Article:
Moving from school to university was quite a daunting experience, but the Irish department in Queen’s has always been known as a friendly department; the classes were relatively small and we got to know one another very quickly. When I started off on my Irish degree, I presumed I’d have to go into teaching but it wasn’t long before I learned of the opportunities available to Irish language graduates. Without my undergraduate degree from Queens, I would never have had the fortune of gaining employment as an Irish language development officer in Armagh. Since then I have also been involved in starting a business, CultÚr, which sells gifts, cards, clothes, toys and pottery with an Irish language theme. I have great memories from Queen’s, especially from An Cumann Gaelach events, and I’ll never forget the annual trips to Rann na Feirste or our regular visits to some of the other Gaeltachtaí all over the country and to the Gaelic-speaking areas of the Isle of Skye. I am very grateful to my lecturers, who helped instill in me a love and passion for my own language and culture.
I studied Spanish and English at Queen’s from 1982-1987 – five glorious years to put off having to grow up and get a job!
At Queen’s I was friends with some guys who did Law. They wrote comedy sketches. We, as a group, eventually became The Hole In The Wall Gang, with many comedy series on BBC radio and television, the best known of which is Give My Head Peace.
I then went on to have my own comedy show, McKeever, on UTV for four years.
Since the heady days of television, I’ve been writing and performing in plays and comedy shows, contributing to radio and tv shows and writing a regular column in the Belfast Telegraph.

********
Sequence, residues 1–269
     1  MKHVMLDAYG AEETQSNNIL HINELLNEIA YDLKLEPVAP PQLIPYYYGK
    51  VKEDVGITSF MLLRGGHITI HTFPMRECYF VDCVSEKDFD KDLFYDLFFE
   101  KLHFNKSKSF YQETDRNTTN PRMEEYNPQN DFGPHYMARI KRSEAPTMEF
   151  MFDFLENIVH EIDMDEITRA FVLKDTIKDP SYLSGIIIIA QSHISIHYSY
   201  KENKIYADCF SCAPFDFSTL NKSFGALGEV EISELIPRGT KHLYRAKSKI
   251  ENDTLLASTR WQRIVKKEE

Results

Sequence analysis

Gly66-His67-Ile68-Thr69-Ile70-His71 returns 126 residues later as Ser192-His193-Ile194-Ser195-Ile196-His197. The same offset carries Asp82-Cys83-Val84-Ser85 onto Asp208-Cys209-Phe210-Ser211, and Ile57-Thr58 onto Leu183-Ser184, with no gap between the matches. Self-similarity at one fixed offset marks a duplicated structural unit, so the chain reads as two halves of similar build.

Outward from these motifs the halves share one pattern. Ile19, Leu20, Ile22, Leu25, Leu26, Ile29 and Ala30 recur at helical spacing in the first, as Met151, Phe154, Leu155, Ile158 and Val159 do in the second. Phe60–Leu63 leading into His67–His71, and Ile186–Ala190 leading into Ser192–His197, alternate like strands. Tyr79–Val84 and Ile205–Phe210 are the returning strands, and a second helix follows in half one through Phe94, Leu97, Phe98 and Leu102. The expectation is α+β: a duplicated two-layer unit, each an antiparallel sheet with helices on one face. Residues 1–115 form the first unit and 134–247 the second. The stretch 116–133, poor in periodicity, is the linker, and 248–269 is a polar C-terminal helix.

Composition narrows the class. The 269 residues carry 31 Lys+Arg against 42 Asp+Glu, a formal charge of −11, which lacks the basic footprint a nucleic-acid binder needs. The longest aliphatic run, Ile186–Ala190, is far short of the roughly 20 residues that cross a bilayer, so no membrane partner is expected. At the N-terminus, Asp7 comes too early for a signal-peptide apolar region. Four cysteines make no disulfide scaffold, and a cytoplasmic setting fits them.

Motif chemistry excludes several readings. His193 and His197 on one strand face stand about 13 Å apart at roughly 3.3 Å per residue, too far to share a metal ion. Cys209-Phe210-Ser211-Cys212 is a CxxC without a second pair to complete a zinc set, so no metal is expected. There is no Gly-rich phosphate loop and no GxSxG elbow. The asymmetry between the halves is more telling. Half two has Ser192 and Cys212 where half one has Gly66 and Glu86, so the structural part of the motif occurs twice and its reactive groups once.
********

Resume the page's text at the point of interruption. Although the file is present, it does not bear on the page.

I did Spanish and English because I loved language. Still do. My father wanted me to do Law. I got the grades at A Level but decided to do what I loved instead, even if a career path didn’t seem so obvious. I’m glad I did.
Queen’s opened my eyes to loads of new experiences; meeting people from different backgrounds, challenging long-held religious beliefs, protesting at social injustice, drinkin’ an’ smokin’ an’ actin’ the big girl... great life skills for later.
The chance to live in Spain on my year out was fantastic! My Spanish improved immensely and my social confidence with it.
When it came to work, after uni, I started in the BBC as a temporary secretary, having done a year’s Post Grad Bi-lingual Secretarial course. From secretary, to researcher, to Assistant Producer, to freelance writer and performer. At every stage, language, self-expression and fun have been my mainstays.
Follow your heart. Do what speaks to you. And if you can’t hear what your heart’s saying, quieten down a bit and give it time. You’ll hear. Then take all your courage in both hands and leap off every scary cliff you come to. That’s how you know you’re alive. Enjoy it all!